Verse 8

"Handfuls of Purpose"

For All Gleaners

"It is as high as heaven; what canst thou do?"Job 11:8

As a matter of fact, there is a heaven which our poor hands cannot touch.—Do we deny the existence of that lofty space, simply because we cannot touch it? Do we say, Our eyes may be deceiving us, and after all there is no such loftiness? It is all optical illusion or delusion?—As in nature so it ought to be in higher truth and graces; there are some things to be seen from afar, others to be handled and directly enjoyed, and others again which partake of the nature of dream and symbol and apocalypse.—We must make something like a reasonable distribution of the circumstances and phenomena which make up our life.—There are some things about which we may talk almost exhaustively; everything about them is so explicit and direct: but when we come upon those higher things which can only be seen at an infinite distance, we must make allowance for our inability, and not blame God or cast discredit upon his method of training the world.—If a man cannot reach what God has made, is it likely that he can comprehend all that God is? Is not the worker always greater than his work? Whoever made the stars may be rationally supposed to be greater than the stars which he has made, and, being greater, is by so much more difficult of comprehension, so difficult, indeed, as to rise to the point of absolute impossibility in our present state.—We do not venture to attempt an interpretation of everything that is in ourselves; our own souls are often too profound for our vision; our motives are so complicated and intermixed that it is impossible for us to separate the one action from the other, and to say, This is good, and, That is bad, in exact terms.—All height should teach us to aspire; all width created by God, such as the great sea or the greater firmament, should lead us out in the direction of enlargement and comprehensiveness of mind; all. the symbols of nature should have a corresponding effect upon our spiritual capacity and training.—We must not be afraid to look nature fully and lovingly in the face; she is a great parable which the heart alone can often read; she does not set little and arbitrary boundaries to our position and progress, but rather is full of encouragement to us to advance and conquer.—Still, as in nature we know just where to stop, so it should be in spiritual inquest and study: we come to brinks, and must take care not to fall over: we behold lofty eminences, and must know that they were meant to be looked at and not to be trodden under foot: to make a wise use of nature in this way is to encourage and strengthen all that is best in our spiritual being.—Has any man seen all the creation of God? Has any man any conscious relation to any other world than the earth in which he was born? Is it possible for any man to see through the darkness of midnight, when all the light of heaven has been withdrawn?—If, then, there are such limits And obstructions, difficulties and impossibilities, in things which are termed natural, is it at all an irrational conception there should be things in even greater abundance in the purely spiritual realm, which mock us and sometimes defy us, and which all the while beckon and lure us with hopefulness that we may yet see further kingdoms and enjoy the larger liberties of life?—Blessed is he who knows where to stop.—Because there is a stopping-place in all thought, it does not follow that there is no line of thought to be entered upon.—When we know where to stop, we may also know that the point is but intermediate, not final; that we rest there but for a moment, and that by-and-by we shall take up the series, and continue it into the very day of heaven itself.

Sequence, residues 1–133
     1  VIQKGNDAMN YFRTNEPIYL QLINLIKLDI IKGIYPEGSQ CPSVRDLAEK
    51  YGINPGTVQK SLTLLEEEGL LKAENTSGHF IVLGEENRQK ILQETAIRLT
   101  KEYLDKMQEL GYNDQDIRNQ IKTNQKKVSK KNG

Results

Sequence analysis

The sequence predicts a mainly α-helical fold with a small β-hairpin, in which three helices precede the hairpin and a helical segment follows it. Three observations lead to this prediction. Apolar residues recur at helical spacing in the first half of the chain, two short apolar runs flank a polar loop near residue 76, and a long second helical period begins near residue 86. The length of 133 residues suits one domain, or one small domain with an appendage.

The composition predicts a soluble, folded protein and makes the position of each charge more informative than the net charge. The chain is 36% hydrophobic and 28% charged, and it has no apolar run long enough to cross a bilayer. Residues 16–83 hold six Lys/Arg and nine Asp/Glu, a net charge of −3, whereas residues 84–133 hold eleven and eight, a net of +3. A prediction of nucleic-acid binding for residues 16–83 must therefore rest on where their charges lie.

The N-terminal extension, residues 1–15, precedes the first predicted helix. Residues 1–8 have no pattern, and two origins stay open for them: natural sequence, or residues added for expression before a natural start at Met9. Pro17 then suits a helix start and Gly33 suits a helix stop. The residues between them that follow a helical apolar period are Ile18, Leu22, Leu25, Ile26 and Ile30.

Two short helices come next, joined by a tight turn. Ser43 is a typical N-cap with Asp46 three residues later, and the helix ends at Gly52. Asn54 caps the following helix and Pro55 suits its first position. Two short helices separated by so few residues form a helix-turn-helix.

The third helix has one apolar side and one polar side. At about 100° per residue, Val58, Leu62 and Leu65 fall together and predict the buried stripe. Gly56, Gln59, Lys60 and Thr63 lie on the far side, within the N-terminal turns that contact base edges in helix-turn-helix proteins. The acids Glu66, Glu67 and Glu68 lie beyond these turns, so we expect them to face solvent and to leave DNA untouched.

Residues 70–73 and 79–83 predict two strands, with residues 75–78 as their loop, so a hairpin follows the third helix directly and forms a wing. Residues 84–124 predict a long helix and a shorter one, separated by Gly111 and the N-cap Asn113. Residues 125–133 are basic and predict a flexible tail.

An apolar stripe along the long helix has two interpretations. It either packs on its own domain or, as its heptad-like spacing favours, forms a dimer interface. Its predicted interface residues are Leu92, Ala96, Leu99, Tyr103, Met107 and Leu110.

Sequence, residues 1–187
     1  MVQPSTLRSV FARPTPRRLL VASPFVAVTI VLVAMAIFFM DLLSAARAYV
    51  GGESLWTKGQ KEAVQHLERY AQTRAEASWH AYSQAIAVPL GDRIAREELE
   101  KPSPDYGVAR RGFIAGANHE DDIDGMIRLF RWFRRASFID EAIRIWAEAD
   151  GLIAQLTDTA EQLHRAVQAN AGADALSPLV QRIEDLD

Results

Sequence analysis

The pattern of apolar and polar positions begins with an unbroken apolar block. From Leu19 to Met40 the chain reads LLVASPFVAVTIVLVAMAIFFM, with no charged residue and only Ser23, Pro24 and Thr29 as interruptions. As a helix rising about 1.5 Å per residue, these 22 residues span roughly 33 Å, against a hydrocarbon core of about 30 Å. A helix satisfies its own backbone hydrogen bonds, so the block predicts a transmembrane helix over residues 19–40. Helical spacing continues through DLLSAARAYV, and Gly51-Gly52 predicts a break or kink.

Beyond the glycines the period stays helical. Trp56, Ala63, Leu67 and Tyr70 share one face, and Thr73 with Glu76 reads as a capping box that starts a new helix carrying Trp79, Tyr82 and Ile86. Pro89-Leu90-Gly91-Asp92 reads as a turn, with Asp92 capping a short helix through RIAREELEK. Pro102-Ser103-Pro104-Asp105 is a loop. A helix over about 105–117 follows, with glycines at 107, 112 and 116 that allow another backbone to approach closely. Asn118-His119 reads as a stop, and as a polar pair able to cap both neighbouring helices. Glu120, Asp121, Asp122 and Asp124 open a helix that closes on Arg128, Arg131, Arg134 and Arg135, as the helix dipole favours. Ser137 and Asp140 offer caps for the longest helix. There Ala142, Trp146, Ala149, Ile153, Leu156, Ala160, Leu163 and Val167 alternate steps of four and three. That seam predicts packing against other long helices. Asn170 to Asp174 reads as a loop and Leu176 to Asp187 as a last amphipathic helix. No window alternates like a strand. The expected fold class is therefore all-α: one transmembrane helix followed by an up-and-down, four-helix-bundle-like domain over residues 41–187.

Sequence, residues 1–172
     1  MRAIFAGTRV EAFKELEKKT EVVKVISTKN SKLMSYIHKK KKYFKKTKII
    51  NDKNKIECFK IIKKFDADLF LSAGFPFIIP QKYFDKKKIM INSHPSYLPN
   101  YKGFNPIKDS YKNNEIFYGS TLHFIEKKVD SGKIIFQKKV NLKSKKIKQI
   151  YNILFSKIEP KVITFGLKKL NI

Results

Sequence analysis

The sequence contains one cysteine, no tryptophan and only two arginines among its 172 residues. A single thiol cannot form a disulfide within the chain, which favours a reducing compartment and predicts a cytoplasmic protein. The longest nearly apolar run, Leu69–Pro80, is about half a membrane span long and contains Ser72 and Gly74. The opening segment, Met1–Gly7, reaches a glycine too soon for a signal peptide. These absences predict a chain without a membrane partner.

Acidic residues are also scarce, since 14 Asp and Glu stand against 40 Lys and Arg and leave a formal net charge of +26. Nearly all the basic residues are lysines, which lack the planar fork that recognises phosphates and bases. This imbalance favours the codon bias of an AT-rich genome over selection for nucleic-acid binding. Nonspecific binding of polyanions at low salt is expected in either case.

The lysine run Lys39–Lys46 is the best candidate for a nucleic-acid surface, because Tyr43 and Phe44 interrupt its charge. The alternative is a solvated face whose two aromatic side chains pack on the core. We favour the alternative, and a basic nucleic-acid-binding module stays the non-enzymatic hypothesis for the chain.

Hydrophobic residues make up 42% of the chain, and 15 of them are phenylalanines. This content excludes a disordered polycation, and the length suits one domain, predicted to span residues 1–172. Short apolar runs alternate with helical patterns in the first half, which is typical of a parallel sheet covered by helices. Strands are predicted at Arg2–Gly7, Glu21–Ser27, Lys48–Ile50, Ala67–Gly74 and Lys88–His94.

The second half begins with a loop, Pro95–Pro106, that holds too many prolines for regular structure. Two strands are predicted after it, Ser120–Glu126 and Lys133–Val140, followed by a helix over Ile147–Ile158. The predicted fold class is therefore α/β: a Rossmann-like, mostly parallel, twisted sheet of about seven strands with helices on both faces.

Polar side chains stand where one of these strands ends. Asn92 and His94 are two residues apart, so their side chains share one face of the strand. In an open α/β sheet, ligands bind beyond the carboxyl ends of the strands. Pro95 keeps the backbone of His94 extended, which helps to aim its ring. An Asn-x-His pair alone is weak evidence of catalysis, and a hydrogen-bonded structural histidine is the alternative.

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Bibliography Information
Parker, Joseph. "Commentary on Job 11:4". The People's Bible by Joseph Parker. http://odl.studylight.org/commentaries/jpb/job-11.html. 1885-95.